Saturday, December 18, 2010

Random Law School Update 18

Location: Washington, DC

I want to start by shamelessly congratulating myself for getting through finals. I feel pretty badass right now. People rarely describe law school as being badass. But let me tell you. Law school is the epitome of badass. The problem is that law students tend not to sell it right, probably in part because you cant really talk about law school to non-law school people without seeming nerdy or square, the opposite of badass. If you chop a brick with your forehead, you look badass. If you jump a 6-foot ditch, you look badass. If you dive off a cliff with just a squirrel suit on you look badass. If you scale a 12-story building without rope, people will definitely think that you’re badass. Law school is just like all of these things. It is nerve-wracking, adrenaline-pumping, really difficult, scary as f*ck, and a little bit stupid. But no one thinks of writing a 17-page essay response to 8 pages worth of riddle-like fact patterns based on 700 pages of dense readings under intense time constrains as badass. But, it is. And I can tell you, there are people here, at my school, in my classes who write 27 page responses in 3 hours AND get it all right. And yes, those people are badass. And while I am obligated to despise them for their curve-setting ways, I can’t help but appreciate their badassness. Go you.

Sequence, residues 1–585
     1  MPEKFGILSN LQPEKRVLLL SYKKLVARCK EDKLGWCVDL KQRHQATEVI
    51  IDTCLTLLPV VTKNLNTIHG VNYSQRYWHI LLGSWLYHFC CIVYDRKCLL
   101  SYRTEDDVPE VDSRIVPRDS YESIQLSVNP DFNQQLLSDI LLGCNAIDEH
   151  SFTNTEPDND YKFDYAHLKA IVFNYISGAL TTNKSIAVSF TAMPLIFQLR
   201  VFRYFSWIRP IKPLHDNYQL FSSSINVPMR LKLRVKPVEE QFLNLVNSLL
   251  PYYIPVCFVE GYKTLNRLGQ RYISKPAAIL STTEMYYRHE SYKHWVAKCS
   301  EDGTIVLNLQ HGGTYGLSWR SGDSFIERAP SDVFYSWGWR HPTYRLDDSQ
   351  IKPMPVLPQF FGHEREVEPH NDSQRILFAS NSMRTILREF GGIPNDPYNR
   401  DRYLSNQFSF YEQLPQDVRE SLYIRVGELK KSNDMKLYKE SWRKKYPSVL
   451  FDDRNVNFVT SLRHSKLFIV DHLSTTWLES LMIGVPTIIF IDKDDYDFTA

I’ve mentioned this before. Law school, school in general, inspires me a lot. Something about forcing my brain to absorb a lot of dense subject matter makes it all the more thirsty for the lighter stuff. The more intense law school gets, the more I find myself conducting meta-analyzes of life, being, existing, loving, hating, wanting, growing, searching, finding, and thinking in general. That, and a lot of pleasant pithy things.

In the middle of studying, I thought it would be a nice idea to keep track of all the little things that go through my mind while I study for finals. My note reads:

“Random notes finals Fall 2010: 1. Law school is hard.”